Vincible ignorance

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Vincible ignorance is, in Catholic ethics, ignorance that a person could remove by applying reasonable diligence in the given set of circumstances. It contrasts with invincible ignorance, which a person is either entirely incapable of removing, or could only do so by supererogatory efforts (i.e., efforts above and beyond normal duty).[1] An example of vincible ignorance would be a person who is unsure about certain Catholic teachings, but refrains from seeking an explanation of those teachings.

While invincible ignorance eliminates culpability, vincible ignorance at most mitigates it, and may even aggravate guilt. The guilt of an action performed in vincible ignorance ought to be measured by the degree of diligence or negligence shown in performing the act.[2] If some insufficient diligence was shown in dispelling ignorance, it is termed merely vincible; it may diminish culpability to the point of rendering a sin venial. When little or no effort is made to remove ignorance, the ignorance is termed crass or supine; it removes little or no guilt. Deliberately fostered ignorance is affected or studied; it can increase guilt.[3]

Ignorance ought to be distinguished from mere nescience. Ignorance is a lack of knowledge that a person has a duty or obligation to know, whereas nescience refers to a lack of knowledge about things one is not bound to know.[4] Thus vincible and invincible ignorance only can be applied to matters that a person has a duty to know about. For example, if a doctor did not know the name of a certain artery in the body, he would be ignorant of that information, but the rest of the population who has no duty to know that information would be nescient of it.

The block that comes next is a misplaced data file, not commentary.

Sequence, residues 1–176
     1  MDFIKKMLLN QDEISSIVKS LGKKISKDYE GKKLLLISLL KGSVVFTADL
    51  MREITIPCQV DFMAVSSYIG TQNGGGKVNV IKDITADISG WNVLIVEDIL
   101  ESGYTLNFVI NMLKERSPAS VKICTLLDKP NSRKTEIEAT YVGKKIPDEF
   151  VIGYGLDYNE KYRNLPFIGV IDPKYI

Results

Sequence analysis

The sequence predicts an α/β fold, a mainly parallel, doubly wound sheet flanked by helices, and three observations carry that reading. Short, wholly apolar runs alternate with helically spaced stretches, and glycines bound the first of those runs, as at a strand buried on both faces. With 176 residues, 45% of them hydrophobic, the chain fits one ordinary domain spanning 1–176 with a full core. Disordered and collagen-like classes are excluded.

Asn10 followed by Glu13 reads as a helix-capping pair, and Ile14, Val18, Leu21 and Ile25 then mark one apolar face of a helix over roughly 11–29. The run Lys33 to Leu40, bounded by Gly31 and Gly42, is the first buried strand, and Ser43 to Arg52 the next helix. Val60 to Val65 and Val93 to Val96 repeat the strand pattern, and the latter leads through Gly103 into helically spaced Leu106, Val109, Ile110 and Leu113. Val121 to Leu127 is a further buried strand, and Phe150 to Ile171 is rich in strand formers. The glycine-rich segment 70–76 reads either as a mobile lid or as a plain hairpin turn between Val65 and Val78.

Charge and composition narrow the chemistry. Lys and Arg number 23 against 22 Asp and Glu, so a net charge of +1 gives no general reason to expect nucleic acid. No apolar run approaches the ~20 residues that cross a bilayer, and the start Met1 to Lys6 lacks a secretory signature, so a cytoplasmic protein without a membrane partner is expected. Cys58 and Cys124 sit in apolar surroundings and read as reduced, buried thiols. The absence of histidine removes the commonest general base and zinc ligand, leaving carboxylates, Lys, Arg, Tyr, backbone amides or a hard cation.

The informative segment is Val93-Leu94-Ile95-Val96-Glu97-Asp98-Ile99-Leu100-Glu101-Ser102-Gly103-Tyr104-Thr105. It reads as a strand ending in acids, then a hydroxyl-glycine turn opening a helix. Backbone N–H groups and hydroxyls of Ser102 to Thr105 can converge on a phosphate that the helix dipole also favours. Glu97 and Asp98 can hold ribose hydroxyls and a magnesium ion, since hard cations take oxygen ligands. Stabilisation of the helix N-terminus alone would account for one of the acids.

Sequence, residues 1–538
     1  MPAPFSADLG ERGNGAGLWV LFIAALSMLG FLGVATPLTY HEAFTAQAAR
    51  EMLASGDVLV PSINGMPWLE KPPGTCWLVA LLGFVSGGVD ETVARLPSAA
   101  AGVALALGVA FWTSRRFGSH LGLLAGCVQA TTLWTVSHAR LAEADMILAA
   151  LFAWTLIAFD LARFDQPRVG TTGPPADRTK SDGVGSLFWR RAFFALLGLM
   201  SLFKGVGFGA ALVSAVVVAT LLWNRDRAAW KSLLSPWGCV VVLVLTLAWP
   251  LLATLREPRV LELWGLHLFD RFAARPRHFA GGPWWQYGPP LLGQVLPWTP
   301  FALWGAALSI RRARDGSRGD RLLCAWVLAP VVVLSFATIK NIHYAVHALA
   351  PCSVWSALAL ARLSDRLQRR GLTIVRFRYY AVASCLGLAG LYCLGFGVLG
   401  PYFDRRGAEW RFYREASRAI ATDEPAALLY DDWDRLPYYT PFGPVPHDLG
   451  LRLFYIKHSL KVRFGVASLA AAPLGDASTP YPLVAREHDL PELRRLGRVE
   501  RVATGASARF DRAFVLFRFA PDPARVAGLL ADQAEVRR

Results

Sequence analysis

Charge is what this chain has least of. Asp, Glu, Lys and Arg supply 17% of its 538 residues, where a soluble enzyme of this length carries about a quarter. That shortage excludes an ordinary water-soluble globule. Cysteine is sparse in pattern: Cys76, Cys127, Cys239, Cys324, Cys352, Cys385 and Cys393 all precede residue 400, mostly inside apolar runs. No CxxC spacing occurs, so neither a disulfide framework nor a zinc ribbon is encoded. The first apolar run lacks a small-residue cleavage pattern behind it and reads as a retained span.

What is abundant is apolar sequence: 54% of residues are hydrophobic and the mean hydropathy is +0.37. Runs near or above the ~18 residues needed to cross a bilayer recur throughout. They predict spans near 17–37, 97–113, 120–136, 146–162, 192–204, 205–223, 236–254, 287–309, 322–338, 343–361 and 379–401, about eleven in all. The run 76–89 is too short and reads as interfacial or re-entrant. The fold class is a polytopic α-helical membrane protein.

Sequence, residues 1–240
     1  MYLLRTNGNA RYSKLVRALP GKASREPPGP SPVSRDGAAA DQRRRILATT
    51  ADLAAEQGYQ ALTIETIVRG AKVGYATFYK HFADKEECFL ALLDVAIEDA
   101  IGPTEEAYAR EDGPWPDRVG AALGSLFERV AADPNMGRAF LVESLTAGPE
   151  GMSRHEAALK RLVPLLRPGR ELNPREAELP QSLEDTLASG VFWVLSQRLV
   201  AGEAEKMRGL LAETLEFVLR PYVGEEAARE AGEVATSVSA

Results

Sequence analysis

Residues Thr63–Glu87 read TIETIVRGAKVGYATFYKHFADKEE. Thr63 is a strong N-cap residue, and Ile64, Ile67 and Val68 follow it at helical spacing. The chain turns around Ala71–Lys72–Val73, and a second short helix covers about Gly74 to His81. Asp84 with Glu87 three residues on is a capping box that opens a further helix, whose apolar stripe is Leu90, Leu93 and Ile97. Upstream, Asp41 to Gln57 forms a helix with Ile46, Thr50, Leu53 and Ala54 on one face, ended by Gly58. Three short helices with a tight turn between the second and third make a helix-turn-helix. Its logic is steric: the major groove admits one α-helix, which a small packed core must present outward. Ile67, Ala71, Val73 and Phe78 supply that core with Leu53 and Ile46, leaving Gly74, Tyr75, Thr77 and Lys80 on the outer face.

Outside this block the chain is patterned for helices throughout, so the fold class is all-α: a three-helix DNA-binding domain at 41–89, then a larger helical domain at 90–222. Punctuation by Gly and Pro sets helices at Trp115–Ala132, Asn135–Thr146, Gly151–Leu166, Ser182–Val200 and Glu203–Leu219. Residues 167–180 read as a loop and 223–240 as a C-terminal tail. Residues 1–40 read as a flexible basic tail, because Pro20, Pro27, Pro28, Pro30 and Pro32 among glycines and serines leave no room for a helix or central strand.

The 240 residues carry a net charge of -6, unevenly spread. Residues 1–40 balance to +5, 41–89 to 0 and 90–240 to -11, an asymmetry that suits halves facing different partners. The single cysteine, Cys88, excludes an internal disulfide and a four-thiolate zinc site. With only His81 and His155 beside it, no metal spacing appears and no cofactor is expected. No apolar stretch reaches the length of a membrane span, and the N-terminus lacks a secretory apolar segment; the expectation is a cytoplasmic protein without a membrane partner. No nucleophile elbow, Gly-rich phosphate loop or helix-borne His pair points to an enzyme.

Ignorance may be

  • Of law, when one is unaware of the existence of the law itself, or at least that a particular case is comprised under its provisions.
  • Of fact, when not the relation of something to the law but the thing itself or some circumstance is unknown.
  • Of penalty, when a person is not cognizant that a sanction has been attached to a particular crime. This is especially to be considered when there is question of more serious punishment.[5]

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 This article incorporates text from a publication now in the public domainHerbermann, Charles, ed. (1913). "article name needed". Catholic Encyclopedia. New York: Robert Appleton.